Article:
Kurobikari 黒光り , Literally translated as “black shine/luster,” this Japanese word can evoke emotions of revulsion and reverence. With the absence of light, black symbolized death, fear, and filth in diverse communities over time and space, and in contemporary Japan, kurobikari often conjures up images of ominously glistening cockroaches, crows, and filth. Yet it also points to the aesthetic category describing the luster of wood, charcoal, lacquer, metals, and calligraphy ink. A historically and culturally rich concept, kurobikari can be used to describe prehistoric Jomon-era pottery polished with soot produced from burnt organic materials, rendering shining black vessels for ritual practices. In literary texts, the term expressed the beauty of blackened teeth – a bodily practice which marked social maturity and later, female marital status—as well as the sinister description of the foreign “black ships” arriving in Japanese ports in the 19th century. Kurobikari disrupts and melds seemingly unrelated and antithetical categories and values, encompassing widely divergent sentiments with the colour black.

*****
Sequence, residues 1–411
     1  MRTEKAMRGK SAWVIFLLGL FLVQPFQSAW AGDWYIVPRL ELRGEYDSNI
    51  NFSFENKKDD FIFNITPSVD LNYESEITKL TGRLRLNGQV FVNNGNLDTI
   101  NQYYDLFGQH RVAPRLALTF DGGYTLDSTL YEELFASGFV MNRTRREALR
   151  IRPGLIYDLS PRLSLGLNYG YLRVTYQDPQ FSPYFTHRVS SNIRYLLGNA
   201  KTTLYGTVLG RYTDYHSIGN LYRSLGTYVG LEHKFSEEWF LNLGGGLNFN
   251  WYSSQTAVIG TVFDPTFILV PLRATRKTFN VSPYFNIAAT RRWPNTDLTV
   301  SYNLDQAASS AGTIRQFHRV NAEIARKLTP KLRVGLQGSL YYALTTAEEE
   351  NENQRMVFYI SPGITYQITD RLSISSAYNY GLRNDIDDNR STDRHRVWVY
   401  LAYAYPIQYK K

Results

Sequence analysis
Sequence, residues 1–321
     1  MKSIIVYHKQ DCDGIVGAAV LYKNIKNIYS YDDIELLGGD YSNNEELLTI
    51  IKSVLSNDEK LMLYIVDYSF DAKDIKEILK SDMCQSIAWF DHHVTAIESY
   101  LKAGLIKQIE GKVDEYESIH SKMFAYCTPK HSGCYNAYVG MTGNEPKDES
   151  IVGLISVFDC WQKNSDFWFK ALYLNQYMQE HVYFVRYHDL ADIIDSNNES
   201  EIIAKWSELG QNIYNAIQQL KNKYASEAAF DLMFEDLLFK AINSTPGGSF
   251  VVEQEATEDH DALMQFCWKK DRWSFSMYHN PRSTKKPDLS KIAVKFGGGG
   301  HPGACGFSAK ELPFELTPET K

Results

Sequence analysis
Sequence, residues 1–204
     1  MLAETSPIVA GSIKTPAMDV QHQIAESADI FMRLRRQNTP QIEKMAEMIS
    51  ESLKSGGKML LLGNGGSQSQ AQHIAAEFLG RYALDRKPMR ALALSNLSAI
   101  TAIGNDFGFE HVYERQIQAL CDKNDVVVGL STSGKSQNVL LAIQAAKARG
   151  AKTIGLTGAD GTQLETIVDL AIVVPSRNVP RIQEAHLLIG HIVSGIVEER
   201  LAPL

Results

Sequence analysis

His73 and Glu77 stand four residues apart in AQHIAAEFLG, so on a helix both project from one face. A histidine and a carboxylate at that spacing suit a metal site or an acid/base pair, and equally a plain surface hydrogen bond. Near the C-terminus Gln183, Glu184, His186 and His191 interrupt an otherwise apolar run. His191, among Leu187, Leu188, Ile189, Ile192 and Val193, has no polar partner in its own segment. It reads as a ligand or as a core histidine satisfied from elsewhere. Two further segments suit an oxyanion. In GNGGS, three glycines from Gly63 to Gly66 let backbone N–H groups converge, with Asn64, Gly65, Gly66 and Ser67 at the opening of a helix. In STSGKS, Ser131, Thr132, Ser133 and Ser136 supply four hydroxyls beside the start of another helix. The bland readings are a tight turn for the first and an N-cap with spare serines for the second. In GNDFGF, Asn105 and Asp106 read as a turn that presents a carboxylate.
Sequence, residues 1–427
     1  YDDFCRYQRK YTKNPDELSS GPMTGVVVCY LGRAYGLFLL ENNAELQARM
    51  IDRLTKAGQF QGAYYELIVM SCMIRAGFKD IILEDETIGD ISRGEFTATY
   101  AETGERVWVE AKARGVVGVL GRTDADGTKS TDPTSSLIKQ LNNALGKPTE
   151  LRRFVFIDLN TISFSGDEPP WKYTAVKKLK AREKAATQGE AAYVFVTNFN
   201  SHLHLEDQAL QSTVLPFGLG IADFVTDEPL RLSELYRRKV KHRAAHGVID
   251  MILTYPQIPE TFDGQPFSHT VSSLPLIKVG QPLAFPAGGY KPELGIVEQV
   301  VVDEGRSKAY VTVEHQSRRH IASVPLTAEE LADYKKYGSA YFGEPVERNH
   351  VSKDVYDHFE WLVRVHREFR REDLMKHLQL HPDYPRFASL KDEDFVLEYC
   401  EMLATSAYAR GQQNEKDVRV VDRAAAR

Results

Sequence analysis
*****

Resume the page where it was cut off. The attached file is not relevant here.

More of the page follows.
Works in black unite the artists in this show, as do their male Japanese names. What does it mean to be identified in this way? It would be easy for an audience to interpellate them and their artworks as “Japan/ese,” searching for and assessing elements of “authentic” and “traditional” artistry and its deviations, as if art, culture, and identities are static and exist outside time and space. Like the term kurobikari, their works take multiple forms and images, and resist simple interpretations that are rendered deceptively and simply as “Japanese.” Using the colour black to enhance such complexities, these five artists highlight the contemporary diversity of historical traces, knowledge systems, and artistic lineages embedded in themselves and their crafts, demonstrating the evolving and shifting practices, politics, and identities that are relevant to many in flux.
Text by Izumi Nakayama